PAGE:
Improving farm productivity and competitiveness and diversification of agriculture towards production and marketing of high value crops have been conceived as major policy instruments for India's agricultural development. Involvement of private sector in agribusiness and marketing of agricultural produce has been initiated through Model Act on Agricultural Marketing 2003. Consequently a large number of private players have entered the food retailing business. The retail sector contributes about 10 percent of Gross Domestic Product (GDP) and employs 67 percent of the labour force in the country second only to agriculture. Under the changing scenario its share in GDP is expected to increase at a very high rate. Therefore, it becomes necessary for state governments to exploit the opportunities of changing business environment and demand patterns in order to achieve rural prosperity and better standard of living to the people. This paper has tried to highlight some issues related to agri-retailing and suggests a framework to provide an enabling environment in order to attract private investment in agricultural sector. This will not only help in increasing rural prosperity but also reduce the high prices of food by eliminating inefficiencies through reduction in post harvest losses, value addition and reduction in price fluctuations in the market.
After independence, India's food policies were formulated under extreme food shortage, chronic poverty, acute scarcity of foreign exchange and greater demand for subsistence crops. But over a period the scenario has changed from a condition of scarcity to a condition of food surplus (Table 1), increase in purchasing power, huge reserves of foreign exchange and rising demand for processed and high value food products. Improving farm productivity, competitiveness and diversification towards high value farm products have become important. As per the population census 2001, about 228 million people in rural India, equivalent to 56 percent of total labor force, are farmers and agricultural labourers. In 2005 National Sample Survey Organization (NSSO) estimated that farming households account for 60 percent of households in rural areas and direct income from farming activities account for over 50 percent of farm households. Agriculture will continue to play the role of the biggest employer in future as well.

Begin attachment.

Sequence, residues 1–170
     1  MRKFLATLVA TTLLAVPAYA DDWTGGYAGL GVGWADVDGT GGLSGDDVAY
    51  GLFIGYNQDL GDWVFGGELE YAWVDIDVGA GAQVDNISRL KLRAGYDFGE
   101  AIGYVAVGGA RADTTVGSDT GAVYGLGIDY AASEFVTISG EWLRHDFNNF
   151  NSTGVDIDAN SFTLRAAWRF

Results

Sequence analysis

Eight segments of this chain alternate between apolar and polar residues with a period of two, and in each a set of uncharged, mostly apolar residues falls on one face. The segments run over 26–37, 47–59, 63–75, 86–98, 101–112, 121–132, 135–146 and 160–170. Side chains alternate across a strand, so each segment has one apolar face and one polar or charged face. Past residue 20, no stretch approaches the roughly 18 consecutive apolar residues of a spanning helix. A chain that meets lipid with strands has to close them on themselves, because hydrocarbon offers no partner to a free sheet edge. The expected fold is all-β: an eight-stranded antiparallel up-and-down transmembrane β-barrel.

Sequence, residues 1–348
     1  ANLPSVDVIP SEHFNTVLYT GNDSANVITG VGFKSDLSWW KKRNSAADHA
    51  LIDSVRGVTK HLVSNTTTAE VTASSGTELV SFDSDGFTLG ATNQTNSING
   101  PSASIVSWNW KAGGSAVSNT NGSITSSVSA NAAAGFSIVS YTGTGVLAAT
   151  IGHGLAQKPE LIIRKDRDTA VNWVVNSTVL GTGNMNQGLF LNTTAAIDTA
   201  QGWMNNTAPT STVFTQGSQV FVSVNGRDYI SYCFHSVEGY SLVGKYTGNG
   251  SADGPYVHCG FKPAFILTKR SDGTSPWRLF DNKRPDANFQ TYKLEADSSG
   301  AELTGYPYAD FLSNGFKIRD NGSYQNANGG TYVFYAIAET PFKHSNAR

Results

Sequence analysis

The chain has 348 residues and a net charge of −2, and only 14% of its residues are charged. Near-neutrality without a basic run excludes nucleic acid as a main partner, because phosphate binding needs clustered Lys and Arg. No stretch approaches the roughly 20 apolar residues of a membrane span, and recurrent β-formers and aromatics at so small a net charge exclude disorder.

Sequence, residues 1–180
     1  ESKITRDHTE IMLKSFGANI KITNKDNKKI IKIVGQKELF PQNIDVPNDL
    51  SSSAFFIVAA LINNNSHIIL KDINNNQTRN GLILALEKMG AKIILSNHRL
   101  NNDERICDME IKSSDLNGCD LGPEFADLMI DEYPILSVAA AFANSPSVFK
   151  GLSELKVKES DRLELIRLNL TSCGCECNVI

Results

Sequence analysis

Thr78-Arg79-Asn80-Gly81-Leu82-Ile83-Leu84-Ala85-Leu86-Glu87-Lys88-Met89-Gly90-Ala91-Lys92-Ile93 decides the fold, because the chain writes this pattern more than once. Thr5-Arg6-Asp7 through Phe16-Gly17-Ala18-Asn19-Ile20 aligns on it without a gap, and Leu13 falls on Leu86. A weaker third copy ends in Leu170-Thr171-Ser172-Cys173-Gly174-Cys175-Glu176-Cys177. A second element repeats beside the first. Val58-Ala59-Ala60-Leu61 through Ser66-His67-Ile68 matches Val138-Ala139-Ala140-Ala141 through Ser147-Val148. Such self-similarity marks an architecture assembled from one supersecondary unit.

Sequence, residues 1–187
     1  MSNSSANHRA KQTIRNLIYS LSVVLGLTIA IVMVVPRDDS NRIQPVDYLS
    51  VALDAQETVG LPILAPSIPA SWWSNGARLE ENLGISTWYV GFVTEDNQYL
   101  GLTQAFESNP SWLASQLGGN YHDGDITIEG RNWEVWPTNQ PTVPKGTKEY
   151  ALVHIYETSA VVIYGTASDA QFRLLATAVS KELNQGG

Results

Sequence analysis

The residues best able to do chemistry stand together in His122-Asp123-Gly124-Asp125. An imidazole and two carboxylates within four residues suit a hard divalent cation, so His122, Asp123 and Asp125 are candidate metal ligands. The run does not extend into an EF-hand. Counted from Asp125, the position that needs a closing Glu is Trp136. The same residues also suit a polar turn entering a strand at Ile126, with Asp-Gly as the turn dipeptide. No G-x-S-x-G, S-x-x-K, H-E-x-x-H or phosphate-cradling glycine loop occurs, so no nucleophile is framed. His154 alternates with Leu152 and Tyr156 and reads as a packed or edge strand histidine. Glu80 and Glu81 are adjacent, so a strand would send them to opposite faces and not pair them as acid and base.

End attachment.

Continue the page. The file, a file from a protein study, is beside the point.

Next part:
In the history of agricultural development of India, we find that the first phase (1950-1966) of agricultural development was possible through Institutional Reform i.e. land reform measures and mega irrigation project. The credit for second phase of development goes to Green Revolution in Agriculture which was possible through technological changes i.e. in the form of high yielding varieties (HYVs), use of chemicals, irrigation etc. However, in present scenario stagnation in agricultural production has taken place. Monthly income of farmer's household is very low and it is expected that next phase of development is possible through marketing reforms and promotion of food processing sector. Food retailing comprises a large segment of retail sector, accounting for about 63 percent of total retail sales. With an estimated 15 million retail outlets in the country, the retail sector contributes about 10 percent of GDP and employs 6-7 percent of the labour force in India second only to agriculture (Bajpai and Dasgupta, 2004). At an estimated Rs12.8 trillion in 2006, India's retailing sector makes up close to 40 per cent of the country's GDP. Of this, food and grocery (F&G) items account for a significant 74 per cent of total retail sales across both, the organised and unorganised sectors. Only one per cent of the food items retailed in India flow through the organised retail channel. There exists ample scope in organised retailing in agri-food sector. Therefore, it becomes necessary for all the state governments to exploit the opportunities of changing scenario in agri-retail sector in order to increase prosperity and standard of living of rural people. …